We were very lucky to have escaped major damage.
Contributed by Nick Shay (email@example.com)
Given favorable atmospheric conditions, Irma has intensified to category 5 status in the past few days. Central to this intensity increase is the relatively high ocean heat content values (80-120 kJ cm-2) as shown in the image relative to the projected track of Irma based on satellite remote sensing. As she approaches the Florida Straits, the high heat content water coming through the Yucatan Straits into the Gulf is essentially taking a quick right turn out of the Gulf of Mexico since the Loop Current is now retracted after separating a large warm core eddy in the eastern Gulf. The exiting water from the Gulf of Mexico forms the core of the Florida Current. Given the large current speeds of 2 m s-1 as observed with High Frequency radar measurements, this current advects the warm water through the Straits forming the core of the Gulf Stream further north in the SECOORA footprint. Given both the current strength and depth of the warm water, any ocean mixing induced by hurricane force winds is arrested. Thus, there is very little sea surface temperature cooling in the remotely sensed signals and the air-sea fluxes are allowing Irma the storm to intensify (i.e. there is more deep warm water to help intensify Irma via the air-sea fluxes).
Note the white space is the figure is Cay Sal Bank which is very shallow to calculate ocean heat content from our 2.5 layer model. The water is quite warm over that feature and the ocean heat content is not zero.
An ocean experiment is planned using a combination of drifting buoys and APEX-EM floats to measure the ocean response to Irma in collaboration with SIO and AOML scientists. Details will be forthcoming. However, the predicted track continues to be problematic at the present time due to the weakening of the subtropical ridge over the Atlantic and the possible influence of a short wave trough that is currently digging southward. The bottom line is it is a race to see what happens with the track of this very powerful hurricane that has approached its maximum potential intensity over high ocean heat content water.
The above Irma figure is updated daily with altimetry data and track information on the Atlantic Ocean website: http://isotherm.rsmas.miami.edu/heat/weba/atlantic.php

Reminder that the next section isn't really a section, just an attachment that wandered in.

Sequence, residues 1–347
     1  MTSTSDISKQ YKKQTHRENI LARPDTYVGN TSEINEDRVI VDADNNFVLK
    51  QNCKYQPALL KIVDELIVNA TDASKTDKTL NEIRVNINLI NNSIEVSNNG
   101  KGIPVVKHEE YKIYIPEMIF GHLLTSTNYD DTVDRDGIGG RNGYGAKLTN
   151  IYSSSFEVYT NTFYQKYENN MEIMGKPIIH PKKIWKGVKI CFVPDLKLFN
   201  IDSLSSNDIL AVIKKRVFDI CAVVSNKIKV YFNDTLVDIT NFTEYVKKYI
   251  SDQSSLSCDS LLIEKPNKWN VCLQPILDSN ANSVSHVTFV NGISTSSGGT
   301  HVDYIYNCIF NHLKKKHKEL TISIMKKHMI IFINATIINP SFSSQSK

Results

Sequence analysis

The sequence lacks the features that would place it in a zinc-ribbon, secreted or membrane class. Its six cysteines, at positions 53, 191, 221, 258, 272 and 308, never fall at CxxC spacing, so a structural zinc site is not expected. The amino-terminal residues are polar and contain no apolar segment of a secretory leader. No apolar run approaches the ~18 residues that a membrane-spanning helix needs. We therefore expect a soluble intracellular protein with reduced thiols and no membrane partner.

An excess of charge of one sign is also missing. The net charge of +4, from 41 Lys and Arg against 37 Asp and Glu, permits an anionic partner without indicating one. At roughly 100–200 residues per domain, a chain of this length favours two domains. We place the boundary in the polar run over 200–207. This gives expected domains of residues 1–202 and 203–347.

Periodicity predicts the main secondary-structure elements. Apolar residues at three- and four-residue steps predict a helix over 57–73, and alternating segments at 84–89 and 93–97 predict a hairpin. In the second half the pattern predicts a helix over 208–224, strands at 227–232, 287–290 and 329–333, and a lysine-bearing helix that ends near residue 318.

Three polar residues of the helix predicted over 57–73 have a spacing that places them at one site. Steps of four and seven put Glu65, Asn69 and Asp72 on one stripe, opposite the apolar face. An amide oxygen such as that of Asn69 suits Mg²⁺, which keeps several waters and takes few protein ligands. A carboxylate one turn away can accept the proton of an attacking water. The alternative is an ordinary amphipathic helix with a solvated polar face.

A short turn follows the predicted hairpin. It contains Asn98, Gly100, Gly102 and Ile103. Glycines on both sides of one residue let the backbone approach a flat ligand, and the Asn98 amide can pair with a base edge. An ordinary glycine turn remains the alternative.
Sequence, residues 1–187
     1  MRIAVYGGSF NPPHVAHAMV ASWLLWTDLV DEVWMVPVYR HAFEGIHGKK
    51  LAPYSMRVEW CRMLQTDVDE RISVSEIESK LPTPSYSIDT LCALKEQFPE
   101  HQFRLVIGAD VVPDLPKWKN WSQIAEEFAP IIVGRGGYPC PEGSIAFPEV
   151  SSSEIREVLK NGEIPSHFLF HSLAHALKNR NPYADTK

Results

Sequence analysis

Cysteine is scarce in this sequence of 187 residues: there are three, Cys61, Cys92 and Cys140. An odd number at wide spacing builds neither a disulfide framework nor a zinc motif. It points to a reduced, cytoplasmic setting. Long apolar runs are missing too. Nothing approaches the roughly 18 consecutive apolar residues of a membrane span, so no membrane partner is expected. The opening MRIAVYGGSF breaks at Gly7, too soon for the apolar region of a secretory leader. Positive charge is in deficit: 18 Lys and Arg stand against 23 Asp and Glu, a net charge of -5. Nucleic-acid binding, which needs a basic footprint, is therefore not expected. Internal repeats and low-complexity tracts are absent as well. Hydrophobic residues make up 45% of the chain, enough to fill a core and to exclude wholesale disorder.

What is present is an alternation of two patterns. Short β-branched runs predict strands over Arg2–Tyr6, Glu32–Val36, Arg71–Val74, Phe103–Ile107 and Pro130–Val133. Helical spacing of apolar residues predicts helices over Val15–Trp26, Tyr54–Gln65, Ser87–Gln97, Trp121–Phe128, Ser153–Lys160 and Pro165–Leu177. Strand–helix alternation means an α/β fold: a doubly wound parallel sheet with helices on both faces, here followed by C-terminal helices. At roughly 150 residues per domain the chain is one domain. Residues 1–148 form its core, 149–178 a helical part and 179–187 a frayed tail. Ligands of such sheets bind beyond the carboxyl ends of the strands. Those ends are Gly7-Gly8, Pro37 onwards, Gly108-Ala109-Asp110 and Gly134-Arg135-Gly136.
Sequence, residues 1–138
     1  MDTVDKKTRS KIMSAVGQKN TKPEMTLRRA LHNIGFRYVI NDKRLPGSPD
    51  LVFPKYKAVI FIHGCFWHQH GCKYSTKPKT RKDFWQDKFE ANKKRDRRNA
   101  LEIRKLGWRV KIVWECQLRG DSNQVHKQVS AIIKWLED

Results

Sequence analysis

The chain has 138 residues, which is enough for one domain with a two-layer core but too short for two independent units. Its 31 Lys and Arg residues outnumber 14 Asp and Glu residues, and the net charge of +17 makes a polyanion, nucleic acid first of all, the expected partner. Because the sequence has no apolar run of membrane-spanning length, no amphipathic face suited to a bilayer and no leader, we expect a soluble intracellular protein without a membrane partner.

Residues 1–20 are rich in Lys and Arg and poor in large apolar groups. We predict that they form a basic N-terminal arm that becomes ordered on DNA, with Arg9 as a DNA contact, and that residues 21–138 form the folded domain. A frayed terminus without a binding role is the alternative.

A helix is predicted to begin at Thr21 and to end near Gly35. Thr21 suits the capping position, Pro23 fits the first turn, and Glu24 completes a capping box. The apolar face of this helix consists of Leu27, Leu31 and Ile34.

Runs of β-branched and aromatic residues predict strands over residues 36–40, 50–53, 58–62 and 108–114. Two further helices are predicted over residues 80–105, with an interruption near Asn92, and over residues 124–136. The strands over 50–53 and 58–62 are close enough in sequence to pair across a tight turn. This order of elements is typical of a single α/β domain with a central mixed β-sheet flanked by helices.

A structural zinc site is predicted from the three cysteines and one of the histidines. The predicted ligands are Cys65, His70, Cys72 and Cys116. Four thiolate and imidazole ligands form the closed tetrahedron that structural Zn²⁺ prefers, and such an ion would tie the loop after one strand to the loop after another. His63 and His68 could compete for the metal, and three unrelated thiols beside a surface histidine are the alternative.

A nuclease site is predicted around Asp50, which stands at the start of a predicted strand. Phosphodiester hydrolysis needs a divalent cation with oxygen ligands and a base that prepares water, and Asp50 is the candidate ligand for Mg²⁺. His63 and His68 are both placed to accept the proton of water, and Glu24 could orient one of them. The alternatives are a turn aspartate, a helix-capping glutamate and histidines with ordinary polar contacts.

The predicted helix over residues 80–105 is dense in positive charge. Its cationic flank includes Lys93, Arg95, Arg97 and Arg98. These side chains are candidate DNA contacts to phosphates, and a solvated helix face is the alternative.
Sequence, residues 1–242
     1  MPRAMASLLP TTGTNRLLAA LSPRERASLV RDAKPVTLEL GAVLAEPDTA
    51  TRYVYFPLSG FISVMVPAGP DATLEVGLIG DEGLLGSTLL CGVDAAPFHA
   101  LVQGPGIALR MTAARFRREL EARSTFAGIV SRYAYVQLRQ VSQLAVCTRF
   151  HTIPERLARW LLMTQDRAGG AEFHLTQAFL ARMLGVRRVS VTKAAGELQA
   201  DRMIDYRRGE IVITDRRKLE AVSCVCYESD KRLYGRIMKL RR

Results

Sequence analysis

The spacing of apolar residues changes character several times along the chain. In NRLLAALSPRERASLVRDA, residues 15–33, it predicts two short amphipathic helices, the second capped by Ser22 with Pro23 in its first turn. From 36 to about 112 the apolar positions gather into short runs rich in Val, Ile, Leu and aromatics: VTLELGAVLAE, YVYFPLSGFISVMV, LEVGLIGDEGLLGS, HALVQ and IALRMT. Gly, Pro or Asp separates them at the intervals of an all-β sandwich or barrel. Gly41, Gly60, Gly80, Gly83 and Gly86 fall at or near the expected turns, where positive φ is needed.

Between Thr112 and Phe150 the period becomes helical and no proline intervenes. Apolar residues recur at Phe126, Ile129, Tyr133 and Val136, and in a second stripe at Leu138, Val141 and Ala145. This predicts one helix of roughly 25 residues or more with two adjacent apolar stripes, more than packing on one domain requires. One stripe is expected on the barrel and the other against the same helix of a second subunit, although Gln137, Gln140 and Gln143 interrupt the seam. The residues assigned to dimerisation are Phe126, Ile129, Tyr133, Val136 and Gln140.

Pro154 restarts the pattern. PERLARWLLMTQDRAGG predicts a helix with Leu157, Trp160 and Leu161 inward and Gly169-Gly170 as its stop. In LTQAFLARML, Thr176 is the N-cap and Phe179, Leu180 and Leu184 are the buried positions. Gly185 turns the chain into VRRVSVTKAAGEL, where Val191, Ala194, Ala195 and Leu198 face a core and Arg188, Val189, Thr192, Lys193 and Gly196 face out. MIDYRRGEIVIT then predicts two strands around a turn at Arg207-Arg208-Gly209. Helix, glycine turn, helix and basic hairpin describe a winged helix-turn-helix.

Hurricane Irma, now being called an Extreme Category 5 hurricane, is making headway towards Florida. Many SECOORA members are bracing for impact while others are well on their way towards executing their evacuation plans. Several news articles, including one from NPR, are calling Hurricane Irma a “monster”. Make no mistake, this is not a storm where heroics are in order – winds speeds of 185 mph make the go/no go decision for you. You have to go.
As we sit and watch the news, and learn about the devastation in the Caribbean, we hope and pray that our CARICOOS colleagues, their friends and family, co-workers, and students are safe. Within SECOORA, we are reaching out to our members and asking them to stay safe. We are also taking stock of our deployed assets so that we can better assess damages after the storm. Throughout the course of Irma, SECOORA will maintain a website that provides access to regional ocean observing data, hurricane tracking and storm surge models, information resources, and a blog post. We are encouraging you to submit blog posts and photos so that we can share them with our members and stakeholders. Since the track of Irma is still uncertain for the southeast, please send your blogs and photos to Debra (firstname.lastname@example.org), Megan (email@example.com), Jennifer (firstname.lastname@example.org) or Abbey (email@example.com) so that we can share your experiences during this unprecedented storm. At least one of us should be able to keep the information flowing.